Photoshop doesn’t really bother me that much. I am a photographer, I know what photoshop I like and what I don’t. In advertising of beauty products, it is annoying but undeniably rampant practice for sure, but at this point, I always think “nobody looks like that” and “the proof is the pudding, just buy it and test it out” – which can be an expensive practice as a makeup artist too. It’s got to the point where the general public without a knowledge of photoshop know what is real or not and I’m apathetic to that, apart from beauty advertisements! Are we seriously supposed to look at these pictures and say “wow, this foundation looks great” when the model has been subjected to hours of professional hair and makeup but has also been Photoshopped to the point of no recognizable human features?

For reference to my above statement, open any fashion magazine to any page selling a cosmetic brand or product, bonus points if its a well known celeb. Does she look like a woman wearing makeup or does she look like a woman-alien hybrid who is wearing makeup also eigh hours worth of post-production photo enhancement and might also slurp out your soul to steal your youth?

What is the purpose of photographic advertising if it has virtually nothing to do with the product being advertisted?

So, heres the deal, in the States (and generally the rest of the world follow them like sheep, BAA), they turn a blind eye to this type of consumer manipulation. In the UK, they answer it with Advertising standards Authority, which is exactly as it sounds. The Authority addresses everything from over-sexualization, such as Dakota Fanning’s underage advert for Marc Jacobs and extreme thinness to the very sort of dishonest, aspirational punting that occurs in said beauty adverts. They’ve cracked down on adverts featuring Julia Roberts and Christy Turlington in the past, and their next target is Dior Diorshow mascara starring Natalie Portman.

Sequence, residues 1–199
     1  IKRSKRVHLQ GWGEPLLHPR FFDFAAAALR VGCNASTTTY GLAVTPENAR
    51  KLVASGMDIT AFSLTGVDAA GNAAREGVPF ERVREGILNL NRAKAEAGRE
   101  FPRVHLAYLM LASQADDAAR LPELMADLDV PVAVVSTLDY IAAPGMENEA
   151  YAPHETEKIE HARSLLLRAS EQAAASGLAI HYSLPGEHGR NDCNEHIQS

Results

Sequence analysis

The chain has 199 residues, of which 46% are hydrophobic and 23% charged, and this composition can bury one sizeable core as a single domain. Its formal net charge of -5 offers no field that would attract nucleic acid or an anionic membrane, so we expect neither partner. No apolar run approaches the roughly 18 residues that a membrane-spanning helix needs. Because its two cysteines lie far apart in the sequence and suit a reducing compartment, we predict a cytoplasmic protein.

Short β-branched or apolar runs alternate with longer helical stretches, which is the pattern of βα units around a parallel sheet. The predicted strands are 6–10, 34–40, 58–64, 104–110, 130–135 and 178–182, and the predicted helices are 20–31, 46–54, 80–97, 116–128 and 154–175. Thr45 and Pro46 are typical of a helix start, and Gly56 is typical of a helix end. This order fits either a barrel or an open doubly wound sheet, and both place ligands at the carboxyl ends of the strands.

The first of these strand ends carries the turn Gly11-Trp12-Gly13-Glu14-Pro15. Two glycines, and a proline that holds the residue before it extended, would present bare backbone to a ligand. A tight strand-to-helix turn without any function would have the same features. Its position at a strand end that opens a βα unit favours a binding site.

OH LOLA, Dakota Fanning for Marc Jacobs was deemed too sexual

Model, Christy Turlington & Julia Roberts – both women in their 40s. not the dewy, fresh-faced nymphs these ads for Maybelline and Lancome would have you believe.

The latest banned advert, Natalie Portman for DIOR.

The advert which is now banned is egregious in its use of capitalized emphasis, FALSE EYELASHES to advertise MASCARA. Taken at face value, it’s a beautiful image that I don’t mind looking at, but really, don’t you think it’s an insult to our collective intelligence as human beings that brands actually pull this kind of bullshit? Ever more disturbing… the general public fall for it.

Think about it.

That’s all I’m saying.

*missfitz

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It’s not high morals, its common sense. Far too Much, Far too Young.

Hiya Poutlings!

How many times have you flipped through the pages of a fashion magazine or watched a runway show and thought to yourself that a certain model was too skinny?  Too fat?  Too short?  Too pretty?  Too average?  Too tall?  Too curvy?  Too lanky?  Too old?  Too young?

If at least one of these thoughts has never crossed your mind, I think it’s safe to say that you are in the minority.  At some point, each of these characteristics has caused a stir in the fashion industry.  The continuing curvy/straight sized debate was perhaps one of the hottest topics in 2011 and was covered by numerous media outlets.

The modeling and fashion world is a harsh, over-sexualized environment that is not suited for children or teens. When child models are getting exposed to the same realities as the adult models it’s obvious that it is wrong. Somehow, we get to see younger and younger child models nowadays acting all grown up, and quite frankly, I find it very disturbing.

Thylane Lena-Rose – a 10 year old girl.

It’s an issue that everyone’s spoke about now and it’s just too much for me to understand. The photographs of a 10 year old child model, Thylane Lena-Rose Blondeau that appeared in Vogue Paris December/January 2010/11 issue has caused outrage amongst the parents and public.

A 10 year old girl is wearing lipstick, actually scrap that, a full face of makeup, a low cut dress and heels while lying in a pose that any grown model over her teens would… Is this really just marketing to paedophiles?

Now, do not get me wrong, Thylane boasts quite the modelling CV that most grown models would be proud to have. She walked the catwalk for Jean Paul Gaultier at the age of four and has had several magazine shoots.

Thylane is just 10 years old…. Here she is pictured looking more like her age.